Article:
Steps to Take when Having a Herpes Outbreak
Herpes is a term that covers a variety of infections, including cold sores on the face and mouth or genital herpes. Knowing the signs and symptoms to look for can alert you that a herpes outbreak is occurring so you can begin finding the proper treatment. The dermatologists at the Dermatology & Mohs Surgery Institute share what to look for and treatment options to get help.
What Are the Common Types of Herpes?
Herpes on the Face or Mouth
The most common type of herpes occurs on the face or mouth in the form of blisters or cold sores. When the cold sore first appears, you may notice tingling, itching, and crusting. The blisters and cold sores typically scab over and take up to three weeks to heal. If you are in close contact with someone, such as kissing, you can spread the cold sore. There is no specific cause for this type of herpes, but once you catch it, the herpes will eventually go into a resting phase and will likely continue to randomly occur.
To avoid getting cold sores, it is recommended to avoid close contact when blisters are apparent on another person, avoid sharing items that go in or near your mouth, and keep your hands clean. If you cannot prevent yourself from getting a cold sore, you can try and let it clear up on its own or use antiviral medication.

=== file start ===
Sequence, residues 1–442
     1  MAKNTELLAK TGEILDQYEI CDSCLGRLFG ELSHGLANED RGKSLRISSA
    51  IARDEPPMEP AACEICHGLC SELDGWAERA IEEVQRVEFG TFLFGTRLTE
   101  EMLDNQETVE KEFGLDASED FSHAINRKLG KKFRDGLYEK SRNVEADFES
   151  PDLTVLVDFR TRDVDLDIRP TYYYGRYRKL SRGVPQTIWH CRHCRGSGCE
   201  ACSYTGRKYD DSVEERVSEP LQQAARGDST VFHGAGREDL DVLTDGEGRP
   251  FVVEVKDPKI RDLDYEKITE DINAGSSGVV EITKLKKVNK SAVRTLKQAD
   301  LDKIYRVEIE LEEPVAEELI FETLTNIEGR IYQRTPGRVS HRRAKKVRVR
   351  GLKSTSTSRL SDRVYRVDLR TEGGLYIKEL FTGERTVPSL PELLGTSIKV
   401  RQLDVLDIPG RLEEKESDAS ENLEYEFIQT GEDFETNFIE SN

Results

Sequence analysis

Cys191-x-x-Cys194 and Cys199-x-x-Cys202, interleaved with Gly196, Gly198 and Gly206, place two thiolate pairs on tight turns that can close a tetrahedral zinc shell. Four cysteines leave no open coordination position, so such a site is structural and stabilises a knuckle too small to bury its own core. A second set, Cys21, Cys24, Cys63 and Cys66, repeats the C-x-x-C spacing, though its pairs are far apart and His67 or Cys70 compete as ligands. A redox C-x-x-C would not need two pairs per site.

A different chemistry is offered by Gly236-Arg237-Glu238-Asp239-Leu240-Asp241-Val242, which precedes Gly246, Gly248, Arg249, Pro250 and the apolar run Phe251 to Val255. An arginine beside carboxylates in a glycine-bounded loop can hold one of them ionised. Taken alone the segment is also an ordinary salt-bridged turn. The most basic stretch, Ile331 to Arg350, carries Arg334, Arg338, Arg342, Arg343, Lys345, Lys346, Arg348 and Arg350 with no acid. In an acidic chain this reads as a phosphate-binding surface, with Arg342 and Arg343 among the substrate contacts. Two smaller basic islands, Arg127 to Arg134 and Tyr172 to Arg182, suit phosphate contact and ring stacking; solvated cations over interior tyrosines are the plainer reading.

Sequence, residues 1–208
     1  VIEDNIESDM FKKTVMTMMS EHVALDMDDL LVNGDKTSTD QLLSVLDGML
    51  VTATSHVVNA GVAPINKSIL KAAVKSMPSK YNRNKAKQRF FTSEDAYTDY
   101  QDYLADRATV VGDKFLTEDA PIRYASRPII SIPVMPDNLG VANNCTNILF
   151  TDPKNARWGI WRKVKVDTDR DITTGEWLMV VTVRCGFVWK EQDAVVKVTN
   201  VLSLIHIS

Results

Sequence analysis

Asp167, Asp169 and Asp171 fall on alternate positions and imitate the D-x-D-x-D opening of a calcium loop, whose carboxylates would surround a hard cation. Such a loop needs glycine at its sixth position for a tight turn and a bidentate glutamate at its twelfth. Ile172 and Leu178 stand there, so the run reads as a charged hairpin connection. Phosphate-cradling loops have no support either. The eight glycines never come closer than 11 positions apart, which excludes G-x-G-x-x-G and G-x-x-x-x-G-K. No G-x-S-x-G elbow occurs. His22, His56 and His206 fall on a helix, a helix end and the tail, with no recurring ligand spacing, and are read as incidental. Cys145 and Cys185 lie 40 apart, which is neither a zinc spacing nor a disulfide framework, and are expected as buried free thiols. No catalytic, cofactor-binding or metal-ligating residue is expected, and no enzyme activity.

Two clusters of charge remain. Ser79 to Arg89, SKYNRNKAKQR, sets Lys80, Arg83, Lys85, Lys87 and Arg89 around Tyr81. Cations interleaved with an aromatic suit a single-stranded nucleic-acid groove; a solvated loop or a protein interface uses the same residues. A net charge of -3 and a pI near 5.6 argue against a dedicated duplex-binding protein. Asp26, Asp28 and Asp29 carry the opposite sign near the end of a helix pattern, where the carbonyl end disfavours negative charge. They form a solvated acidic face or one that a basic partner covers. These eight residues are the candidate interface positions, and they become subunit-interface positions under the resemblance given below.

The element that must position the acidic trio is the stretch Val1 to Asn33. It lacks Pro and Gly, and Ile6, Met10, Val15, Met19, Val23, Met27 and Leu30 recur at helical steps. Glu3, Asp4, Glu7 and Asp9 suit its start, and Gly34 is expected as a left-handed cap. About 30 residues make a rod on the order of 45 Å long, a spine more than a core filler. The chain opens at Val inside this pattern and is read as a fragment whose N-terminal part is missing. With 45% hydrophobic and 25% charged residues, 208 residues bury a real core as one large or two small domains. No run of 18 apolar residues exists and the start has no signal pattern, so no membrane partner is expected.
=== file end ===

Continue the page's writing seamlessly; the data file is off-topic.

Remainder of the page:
Genital herpes is not as common as cold sores, but you will know when it is happening because it is extremely painful. Genital herpes appear in the genital area in the form of sores. You will also notice a burning sensation when you urinate as well as pain and itching in the genital area. Genital herpes is transmitted through sexual intercourse and is contagious. Sexual intercourse should be avoided until the herpes is completely cleared up. It can also be spread by touching the infected area and then touching other body parts. Washing your hands thoroughly can help prevent it from spreading.
If you feel as if you have genital herpes, seeing a dermatologist right away is important. They will do a blood test, a tissue sample, or a PCR test (a copy of your DNA from your blood that is tested). Once confirmed that you have genital herpes, an antiviral medication will be prescribed to help with symptoms. There is no cure for genital herpes, but the medication can help to heal sores, lessen symptoms, and reduce the virus from recurring as much. Just as cold sores have a resting phase, so do genital herpes, and it can resurface.
Surprisingly, women are more likely to get genital herpes, and those who have various sexual partners are also at risk. To prevent contracting genital herpes, it is recommended to use a condom during intercourse and to avoid intercourse with anyone who currently has herpes sores.
If you are noticing signs of cold sores or genital herpes, get in touch as soon as possible with the dermatologists at the Dermatology & Mohs Surgery Institute. If you are in Bloomington, Illinois, or the surrounding areas, complete this form.